GSSAThe 1820 Settler Correspondence
 as preserved in the National Archives, Kew
 and edited by Sue Mackay

1820 Settler Correspondence before emigration

ALL the 1819 correspondence from CO48/41 through CO48/46 has been transcribed whether or not the writers emigrated to the Cape. Those written by people who did become settlers, as listed in "The Settler Handbook" by M.D. Nash (Chameleon Press 1987), are labelled 1820 Settler and the names of actual settlers in the text appear in red.

PROBERT, Benjamin

National Archives, Kew CO48/45, 376

56 Pennyfields

Poplar

September 9th 1819

Sir,

The writer hereof is going a settler to the Cape of Good Hope haveing made inprovements on several nautical instruments wishis for an order from the Secretary of States office to saile with some captain to the Cape who is an expert navigator and a judge of instruments in general where the write and the captain may have an opertunity to prove the instruments in question thinks they will be of importance to communaty at large.

First instrument is an iron binnacle

Second is a portable diping needle that will show the depresion of the magnetis needle by whitch latitude may be known

Thirdly two artifical horizons one for ship and one for quadrant.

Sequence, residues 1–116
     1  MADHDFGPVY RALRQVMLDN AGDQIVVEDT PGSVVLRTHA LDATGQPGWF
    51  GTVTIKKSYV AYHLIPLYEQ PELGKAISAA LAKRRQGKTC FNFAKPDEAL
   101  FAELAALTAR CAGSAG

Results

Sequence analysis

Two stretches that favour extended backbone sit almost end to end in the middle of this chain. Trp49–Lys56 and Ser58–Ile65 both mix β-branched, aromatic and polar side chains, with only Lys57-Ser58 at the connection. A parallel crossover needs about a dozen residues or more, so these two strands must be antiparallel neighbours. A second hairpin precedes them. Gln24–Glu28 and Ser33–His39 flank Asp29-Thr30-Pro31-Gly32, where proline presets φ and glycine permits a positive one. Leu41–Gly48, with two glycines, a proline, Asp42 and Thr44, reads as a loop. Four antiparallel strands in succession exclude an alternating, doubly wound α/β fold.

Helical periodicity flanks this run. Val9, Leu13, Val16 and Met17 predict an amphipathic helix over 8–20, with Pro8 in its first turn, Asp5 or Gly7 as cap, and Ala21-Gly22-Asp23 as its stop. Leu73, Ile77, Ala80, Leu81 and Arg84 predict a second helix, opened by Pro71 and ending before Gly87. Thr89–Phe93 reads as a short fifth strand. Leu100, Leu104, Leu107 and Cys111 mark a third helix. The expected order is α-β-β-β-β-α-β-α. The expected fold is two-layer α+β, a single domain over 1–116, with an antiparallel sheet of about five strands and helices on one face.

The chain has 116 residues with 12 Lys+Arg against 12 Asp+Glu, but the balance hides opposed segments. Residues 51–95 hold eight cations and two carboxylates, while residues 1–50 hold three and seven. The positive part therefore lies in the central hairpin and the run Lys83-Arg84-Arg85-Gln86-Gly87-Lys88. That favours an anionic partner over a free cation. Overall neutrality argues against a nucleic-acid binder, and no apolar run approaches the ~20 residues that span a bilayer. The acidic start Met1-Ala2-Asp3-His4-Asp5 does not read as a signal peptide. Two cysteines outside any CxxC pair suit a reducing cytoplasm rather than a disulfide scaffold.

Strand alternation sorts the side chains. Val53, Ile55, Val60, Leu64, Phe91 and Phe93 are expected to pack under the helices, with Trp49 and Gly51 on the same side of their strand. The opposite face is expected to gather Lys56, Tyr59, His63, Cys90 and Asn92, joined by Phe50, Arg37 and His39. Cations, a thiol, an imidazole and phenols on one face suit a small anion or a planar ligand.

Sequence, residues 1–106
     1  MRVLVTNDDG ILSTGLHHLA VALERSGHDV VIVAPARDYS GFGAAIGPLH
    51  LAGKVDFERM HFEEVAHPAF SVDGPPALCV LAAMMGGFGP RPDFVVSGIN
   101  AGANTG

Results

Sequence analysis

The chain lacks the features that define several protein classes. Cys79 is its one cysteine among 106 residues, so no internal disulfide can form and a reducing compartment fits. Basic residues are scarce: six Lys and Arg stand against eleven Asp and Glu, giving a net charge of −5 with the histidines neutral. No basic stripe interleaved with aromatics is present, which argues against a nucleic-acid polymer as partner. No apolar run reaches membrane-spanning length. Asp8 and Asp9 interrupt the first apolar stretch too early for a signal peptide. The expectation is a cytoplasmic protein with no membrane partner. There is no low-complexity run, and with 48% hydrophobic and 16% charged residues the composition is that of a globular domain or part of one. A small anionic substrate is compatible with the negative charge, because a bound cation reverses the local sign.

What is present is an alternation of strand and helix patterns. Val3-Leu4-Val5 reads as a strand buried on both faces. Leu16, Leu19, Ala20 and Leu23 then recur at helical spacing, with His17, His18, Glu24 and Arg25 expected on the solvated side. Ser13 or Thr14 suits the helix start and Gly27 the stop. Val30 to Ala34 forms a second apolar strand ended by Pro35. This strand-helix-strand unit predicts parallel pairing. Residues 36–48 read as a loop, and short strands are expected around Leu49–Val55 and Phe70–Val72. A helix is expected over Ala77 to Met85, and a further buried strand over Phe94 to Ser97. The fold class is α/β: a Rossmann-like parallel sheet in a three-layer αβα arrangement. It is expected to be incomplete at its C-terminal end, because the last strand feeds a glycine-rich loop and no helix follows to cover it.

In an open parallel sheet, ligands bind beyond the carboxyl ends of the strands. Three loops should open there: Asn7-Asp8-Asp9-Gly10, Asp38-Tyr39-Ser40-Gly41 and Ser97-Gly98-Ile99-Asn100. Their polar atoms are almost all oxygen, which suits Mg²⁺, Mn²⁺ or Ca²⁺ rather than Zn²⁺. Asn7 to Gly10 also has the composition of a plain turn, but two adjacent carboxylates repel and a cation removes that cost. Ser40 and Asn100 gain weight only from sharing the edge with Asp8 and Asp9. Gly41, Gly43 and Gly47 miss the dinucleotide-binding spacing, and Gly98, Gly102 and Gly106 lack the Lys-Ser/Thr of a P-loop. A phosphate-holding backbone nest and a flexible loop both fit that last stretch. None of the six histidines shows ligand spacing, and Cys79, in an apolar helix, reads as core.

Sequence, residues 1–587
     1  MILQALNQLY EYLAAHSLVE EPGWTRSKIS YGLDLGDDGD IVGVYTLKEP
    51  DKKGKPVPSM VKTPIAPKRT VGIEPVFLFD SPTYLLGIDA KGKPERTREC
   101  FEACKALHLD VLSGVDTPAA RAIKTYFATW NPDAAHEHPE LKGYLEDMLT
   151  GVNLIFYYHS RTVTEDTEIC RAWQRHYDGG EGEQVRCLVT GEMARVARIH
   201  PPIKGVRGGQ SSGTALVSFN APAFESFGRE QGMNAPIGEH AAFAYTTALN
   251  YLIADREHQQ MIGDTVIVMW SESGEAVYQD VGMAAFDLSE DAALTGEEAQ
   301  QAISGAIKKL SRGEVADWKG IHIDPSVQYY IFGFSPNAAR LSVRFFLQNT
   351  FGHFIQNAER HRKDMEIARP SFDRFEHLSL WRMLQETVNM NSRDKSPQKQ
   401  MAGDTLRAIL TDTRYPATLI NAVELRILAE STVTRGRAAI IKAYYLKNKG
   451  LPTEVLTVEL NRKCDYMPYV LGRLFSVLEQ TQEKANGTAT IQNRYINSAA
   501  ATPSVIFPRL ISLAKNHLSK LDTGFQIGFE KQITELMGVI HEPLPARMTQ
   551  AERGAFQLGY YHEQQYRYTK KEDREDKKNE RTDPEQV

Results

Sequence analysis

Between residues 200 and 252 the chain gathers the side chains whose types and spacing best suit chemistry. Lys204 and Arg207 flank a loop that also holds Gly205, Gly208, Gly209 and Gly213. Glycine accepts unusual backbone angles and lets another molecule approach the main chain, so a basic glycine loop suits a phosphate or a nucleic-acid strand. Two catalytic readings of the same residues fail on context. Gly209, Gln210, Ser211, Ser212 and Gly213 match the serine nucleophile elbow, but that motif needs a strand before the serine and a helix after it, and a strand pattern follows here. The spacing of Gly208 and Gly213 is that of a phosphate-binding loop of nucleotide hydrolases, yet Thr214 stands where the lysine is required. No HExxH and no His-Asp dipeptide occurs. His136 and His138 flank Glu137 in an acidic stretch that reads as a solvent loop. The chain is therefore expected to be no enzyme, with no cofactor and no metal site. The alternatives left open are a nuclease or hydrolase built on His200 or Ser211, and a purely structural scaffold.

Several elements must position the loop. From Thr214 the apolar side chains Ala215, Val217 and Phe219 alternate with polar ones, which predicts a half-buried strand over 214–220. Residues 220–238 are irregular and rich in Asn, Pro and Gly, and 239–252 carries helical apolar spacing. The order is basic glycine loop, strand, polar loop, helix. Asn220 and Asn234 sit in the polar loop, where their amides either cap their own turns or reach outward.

I will atend if directed to explain the perticulars. I am your humble servant

Benjamin PROBERT

 

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[letter filed under R as Benjamin ROBERT

National Archives, Kew CO48/45, 660

56 Penny Fields

Poplar

November 25th 1819

Sir,

I wrote to the Colonial Office about a month ago desiring an interview with the Secretary of the Colonial Department or his secretary to show an Iron Binnacle with Compass of a new invention the writer hereof believes will be of a national importance. The reason why I wrote is this, I am going to the Colony at the Cape of good hope and wishing for an oportunity of seeing it tryd and proveing it myself if my request is met with aprobation I could be oblidged for an order to go in the ship that is to convey the Party No.40, my reason for this request is that the gentleman I am going with has but small brigs for conveyance, the oportunity of proveing will not be so favourable in a brig of two or three hundred tons as in one larger and an order from Government to try it will be attended to with punctuality.

You will Sir see that in my first letter there is two more instruments mentioned for trial, a horizon for quadrant and dipping needle – that may be used in a ship by night as well as by day, thinks it will be of very great utility to [comminity?] sloops.

Your humble servant

Benjamin PROBERT

[Note from GOULBURN]

Is this man an accepted settler? If so I do not see how he can be separated from his party & he must be told that it is now too late to alter the arrangements]

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